The position of the towers on each side of the main façade of the Monreale Cathedral corresponds, in terms of width and depth, with the measurements of a portico, built at the same time as the church. Due to a collapse, it was replaced by the one we see today, which dates back to 1770.
The imposing appearance of the two buildings already differs from the lower order, which is higher than the one above and originally had no windows.
Moreover, while the latter is made of rusticated work , the upper one, in both towers, is visibly lower and is made of rows of square ashlars , highlighting a recessed structure framed, at the base, by a wide band decorated with inlaid rhombuses. Behind it, there is a pointed window , set in a string course frame which is also present on the other tower, like a mirror image.
Our eyes are drawn to the tallest tower, the one that faces south, distinguishable from its twin by the presence of two further orders that become more narrow in width. Each façade is lightened by the presence of a single lancet window in the first order, overlaid by a double lancet window in the upper order, enclosed by a triple lintel.
A stone spire, struck by lightning and destroyed in 1807, crowned the end of the southern tower.The northern tower appears less slender and lacks lightness in the elevations. Its walls, which house the bells, were added in the 16th century.At the time, the two structures had staircases located within the square-based building structure adjacent to the eastern façade. Using them to reach the upper floors, access was gained through narrow doors, which have now been bricked up, at the sides of the nave and the roofs of the side aisles. Turning our attention away from the massive structure of the two residual towers which, from the end of the 12th century, formed part of the high walls protecting the important buildings, we cannot help but notice the ogival arch decorations on the upper part of the façade above the portico, rebuilt in the 18th century.These ornaments, similar in their attention to detail to those found in the apses were interwoven with the wealth of embroidery, starting from the inner sides of the towers’ second order and extending up to and including the two round arches and the large pointed window in the centre.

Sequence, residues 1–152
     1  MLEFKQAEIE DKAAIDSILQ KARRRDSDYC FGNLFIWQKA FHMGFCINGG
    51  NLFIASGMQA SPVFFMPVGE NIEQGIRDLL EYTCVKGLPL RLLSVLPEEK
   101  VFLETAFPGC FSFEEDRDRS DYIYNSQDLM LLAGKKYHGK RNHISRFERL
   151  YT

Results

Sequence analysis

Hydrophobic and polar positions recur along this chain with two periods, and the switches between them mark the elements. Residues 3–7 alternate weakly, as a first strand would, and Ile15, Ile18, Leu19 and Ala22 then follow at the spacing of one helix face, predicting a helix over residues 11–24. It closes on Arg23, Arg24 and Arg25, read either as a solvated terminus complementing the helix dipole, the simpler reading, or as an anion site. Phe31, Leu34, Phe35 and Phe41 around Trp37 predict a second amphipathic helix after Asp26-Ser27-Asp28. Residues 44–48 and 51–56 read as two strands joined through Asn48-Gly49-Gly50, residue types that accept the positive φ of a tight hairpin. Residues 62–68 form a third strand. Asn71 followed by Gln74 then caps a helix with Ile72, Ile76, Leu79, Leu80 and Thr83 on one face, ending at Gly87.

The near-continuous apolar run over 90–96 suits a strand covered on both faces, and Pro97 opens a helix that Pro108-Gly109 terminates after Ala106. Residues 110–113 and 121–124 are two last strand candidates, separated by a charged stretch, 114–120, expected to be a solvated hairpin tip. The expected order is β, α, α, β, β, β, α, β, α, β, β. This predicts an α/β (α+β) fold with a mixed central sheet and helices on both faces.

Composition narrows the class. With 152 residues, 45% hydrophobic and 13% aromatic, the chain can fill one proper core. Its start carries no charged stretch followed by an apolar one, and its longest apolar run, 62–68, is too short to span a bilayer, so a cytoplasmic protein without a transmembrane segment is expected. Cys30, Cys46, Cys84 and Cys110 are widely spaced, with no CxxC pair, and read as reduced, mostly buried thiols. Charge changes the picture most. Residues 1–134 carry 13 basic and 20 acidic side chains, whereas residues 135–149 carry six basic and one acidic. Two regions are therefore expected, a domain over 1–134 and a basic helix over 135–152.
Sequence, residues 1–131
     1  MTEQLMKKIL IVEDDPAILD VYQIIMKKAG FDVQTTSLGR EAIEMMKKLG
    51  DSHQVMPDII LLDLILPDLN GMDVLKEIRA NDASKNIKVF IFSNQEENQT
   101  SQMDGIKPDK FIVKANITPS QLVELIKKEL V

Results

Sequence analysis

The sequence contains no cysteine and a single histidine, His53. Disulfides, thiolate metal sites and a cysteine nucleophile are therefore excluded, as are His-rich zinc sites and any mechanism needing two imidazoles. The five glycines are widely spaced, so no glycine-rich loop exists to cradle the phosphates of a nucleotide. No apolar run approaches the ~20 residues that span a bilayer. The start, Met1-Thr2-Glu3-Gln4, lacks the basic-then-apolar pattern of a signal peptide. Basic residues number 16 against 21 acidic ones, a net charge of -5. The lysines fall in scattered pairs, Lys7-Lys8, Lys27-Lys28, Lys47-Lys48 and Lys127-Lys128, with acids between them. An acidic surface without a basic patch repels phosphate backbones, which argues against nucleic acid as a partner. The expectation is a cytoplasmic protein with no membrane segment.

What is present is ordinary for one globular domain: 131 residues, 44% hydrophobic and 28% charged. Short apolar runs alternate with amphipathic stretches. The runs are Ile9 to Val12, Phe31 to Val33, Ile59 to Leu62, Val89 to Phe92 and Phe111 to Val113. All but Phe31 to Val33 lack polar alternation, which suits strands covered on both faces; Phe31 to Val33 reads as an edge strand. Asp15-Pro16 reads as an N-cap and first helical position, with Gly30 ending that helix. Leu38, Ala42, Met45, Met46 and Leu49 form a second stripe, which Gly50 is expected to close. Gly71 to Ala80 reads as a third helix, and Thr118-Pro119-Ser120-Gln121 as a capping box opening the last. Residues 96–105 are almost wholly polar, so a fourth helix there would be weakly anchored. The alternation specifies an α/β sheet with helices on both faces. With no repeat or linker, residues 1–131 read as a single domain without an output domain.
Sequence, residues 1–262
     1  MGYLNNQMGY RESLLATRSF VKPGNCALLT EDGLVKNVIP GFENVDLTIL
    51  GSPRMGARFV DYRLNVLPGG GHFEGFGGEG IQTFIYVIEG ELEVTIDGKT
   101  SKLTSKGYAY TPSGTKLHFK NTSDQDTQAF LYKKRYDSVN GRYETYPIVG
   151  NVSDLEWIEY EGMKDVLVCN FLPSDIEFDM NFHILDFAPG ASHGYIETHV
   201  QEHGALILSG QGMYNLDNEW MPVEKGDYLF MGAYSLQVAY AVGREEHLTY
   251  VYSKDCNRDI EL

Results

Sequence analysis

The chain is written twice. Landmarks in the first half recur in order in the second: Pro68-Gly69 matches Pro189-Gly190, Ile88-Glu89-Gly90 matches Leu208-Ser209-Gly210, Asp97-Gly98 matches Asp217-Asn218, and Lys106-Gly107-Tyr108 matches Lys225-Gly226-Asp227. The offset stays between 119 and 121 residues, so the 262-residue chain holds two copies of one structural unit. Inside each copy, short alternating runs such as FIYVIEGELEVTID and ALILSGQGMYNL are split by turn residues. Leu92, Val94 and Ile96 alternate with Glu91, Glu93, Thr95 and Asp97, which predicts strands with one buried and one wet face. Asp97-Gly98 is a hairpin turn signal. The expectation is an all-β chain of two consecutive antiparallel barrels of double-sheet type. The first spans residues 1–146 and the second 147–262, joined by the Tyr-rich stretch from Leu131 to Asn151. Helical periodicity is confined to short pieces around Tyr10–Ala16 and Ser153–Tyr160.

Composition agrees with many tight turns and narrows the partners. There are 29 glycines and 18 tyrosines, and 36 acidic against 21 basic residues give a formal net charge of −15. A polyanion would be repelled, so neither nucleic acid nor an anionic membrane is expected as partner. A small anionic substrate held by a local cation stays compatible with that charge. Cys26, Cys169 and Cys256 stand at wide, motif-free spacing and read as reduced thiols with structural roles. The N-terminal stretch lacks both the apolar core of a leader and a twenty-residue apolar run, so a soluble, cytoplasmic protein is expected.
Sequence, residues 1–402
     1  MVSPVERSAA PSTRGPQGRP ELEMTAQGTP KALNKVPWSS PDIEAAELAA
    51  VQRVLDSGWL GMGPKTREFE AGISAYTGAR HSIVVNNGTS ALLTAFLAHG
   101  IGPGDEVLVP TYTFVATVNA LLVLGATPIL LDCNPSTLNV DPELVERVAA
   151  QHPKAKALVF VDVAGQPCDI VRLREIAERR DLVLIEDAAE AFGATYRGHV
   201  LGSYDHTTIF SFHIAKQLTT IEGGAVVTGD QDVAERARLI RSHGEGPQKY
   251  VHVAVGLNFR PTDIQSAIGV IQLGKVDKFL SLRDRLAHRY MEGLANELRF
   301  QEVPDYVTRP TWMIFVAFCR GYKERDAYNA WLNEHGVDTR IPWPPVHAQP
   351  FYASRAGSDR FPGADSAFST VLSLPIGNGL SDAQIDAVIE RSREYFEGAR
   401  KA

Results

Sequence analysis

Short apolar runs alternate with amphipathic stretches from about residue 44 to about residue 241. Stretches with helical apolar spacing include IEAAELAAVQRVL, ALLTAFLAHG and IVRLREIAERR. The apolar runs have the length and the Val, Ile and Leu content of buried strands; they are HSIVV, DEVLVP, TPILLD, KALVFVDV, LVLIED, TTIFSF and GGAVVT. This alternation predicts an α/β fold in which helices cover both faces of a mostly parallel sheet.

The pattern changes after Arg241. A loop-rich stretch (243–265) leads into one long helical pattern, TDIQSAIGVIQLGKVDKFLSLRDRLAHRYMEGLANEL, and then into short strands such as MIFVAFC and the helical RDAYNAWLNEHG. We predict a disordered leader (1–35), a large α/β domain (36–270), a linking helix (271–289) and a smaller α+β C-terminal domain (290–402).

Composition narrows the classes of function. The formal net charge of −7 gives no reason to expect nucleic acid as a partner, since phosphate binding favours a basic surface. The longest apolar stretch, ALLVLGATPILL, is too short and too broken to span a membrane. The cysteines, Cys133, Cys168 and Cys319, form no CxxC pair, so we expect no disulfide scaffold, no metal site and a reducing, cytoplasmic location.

The tympanum is more restrained and recent restoration work has brought to light a walled-up pointed window, adorned by a ring of square ashlars inserted between two round, blind windows, which feature the same ornamentation. The construction of the cathedrals was based on a medieval concept, reflected in the similar compositional richness of the exterior of the apses. It was also based on an overall design, with the altar room to the east and the main entrance, which reached a great height, to the west.